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Key Features

Essentials of Diagnosis

  • Occurs after a major catecholamine discharge

  • Acute chest pain or shortness of breath

  • Predominately affects postmenopausal women

  • Presents like an acute anterior myocardial infarction, but coronaries normal at cardiac catheterization

  • Imaging reveals apical left ventricular (LV) ballooning due to anteroapical stunning of the myocardium

  • Most patients recover completely

General Considerations

  • LV apical ballooning

    • Follows a high catecholamine surge

    • The resulting shape suggests a rounded ampulla form similar to a Japanese octopus pot (tako-tsubo pot)

  • Mid-ventricular ballooning has also been described

  • The myocardial stunning that occurs does not follow the pattern suggestive of coronary ischemia

  • Has been described following some stressful event, such as

    • Hypoglycemia

    • Lightning strikes

    • Earthquakes

    • Postventricular tachycardia

    • Alcohol withdrawal

    • Surgery

    • Hyperthyroidism

    • Stroke

    • Severe emotional stress ("broken-heart syndrome")

  • Virtually any event that triggers excess catecholamines has been implicated

  • Pericarditis and even tamponade has been described in isolated cases

  • Recurrences have been described

Clinical Findings

  • Symptoms are similar to any acute coronary syndrome

    • Typical angina

    • Dyspnea

    • Arrhythmias

    • Syncope (rare)

Diagnosis

Laboratory Tests

  • Initial cardiac enzymes are positive but often taper quickly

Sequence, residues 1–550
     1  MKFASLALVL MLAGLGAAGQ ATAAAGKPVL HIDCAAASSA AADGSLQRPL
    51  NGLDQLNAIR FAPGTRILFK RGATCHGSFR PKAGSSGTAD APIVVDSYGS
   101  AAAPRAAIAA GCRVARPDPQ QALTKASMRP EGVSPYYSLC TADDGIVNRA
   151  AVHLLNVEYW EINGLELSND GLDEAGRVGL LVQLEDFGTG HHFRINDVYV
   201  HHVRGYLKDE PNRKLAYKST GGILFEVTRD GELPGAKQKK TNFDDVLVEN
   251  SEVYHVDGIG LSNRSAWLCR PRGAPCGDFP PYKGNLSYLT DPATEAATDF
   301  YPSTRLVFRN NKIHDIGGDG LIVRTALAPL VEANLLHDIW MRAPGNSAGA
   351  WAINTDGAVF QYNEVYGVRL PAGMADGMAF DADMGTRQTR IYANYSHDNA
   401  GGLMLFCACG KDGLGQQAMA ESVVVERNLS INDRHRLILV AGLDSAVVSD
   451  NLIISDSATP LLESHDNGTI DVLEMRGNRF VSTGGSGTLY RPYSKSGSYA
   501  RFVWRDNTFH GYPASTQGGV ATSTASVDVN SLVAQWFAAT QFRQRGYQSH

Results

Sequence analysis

Imaging Studies

  • Chest radiograph either normal or shows pulmonary congestion

  • MRI hyperenhancement studies reveal no long-term scarring in almost all cases

Diagnostic Studies

  • ECG reveals

    • ST segment elevations

    • Deep anterior T wave inversion that gradually resolve over time

  • Echocardiogram reveals LV apical dyskinesia usually not consistent with any particular coronary distribution

  • Urgent cardiac catheterization reveals LV apical ballooning in association with normal coronary arteries

Treatment

  • Immediate therapy is similar to any acute myocardial infarction

  • Long-term therapy depends on whether LV dysfunction persists

  • Most patients receive aspirin, β-blockers, and angiotensin-converting enzyme (ACE) inhibitors until the LV fully recovers

  • Use of ACE inhibitors or angiotensin receptor blockers but not β-blockers has been associated with improved long-term survival

Outcome

Complications

  • The rate of severe in-hospital complications, including shock and death, are similar to those with an acute coronary syndrome

  • Physical triggers, acute neurologic or psychiatric disease, high troponin levels and a low EF are independent predictors of in-hospital complications

  • Men appear to be at higher risk for major adverse cardiac and cerebrovascular events during the first 30 days following hospitalization

Prognosis

  • Good unless there is a serious complication (eg, mitral regurgitation, ventricular rupture, ventricular tachycardia)

  • Recovery is expected in most cases after a period of weeks to months

  • At times, LV function recovers in a few days

  • Approximately 10% of patients will have cardiac and neurologic adverse outcomes over the next year

When to Refer

  • All patients with an acute coronary syndrome should be urgently ...

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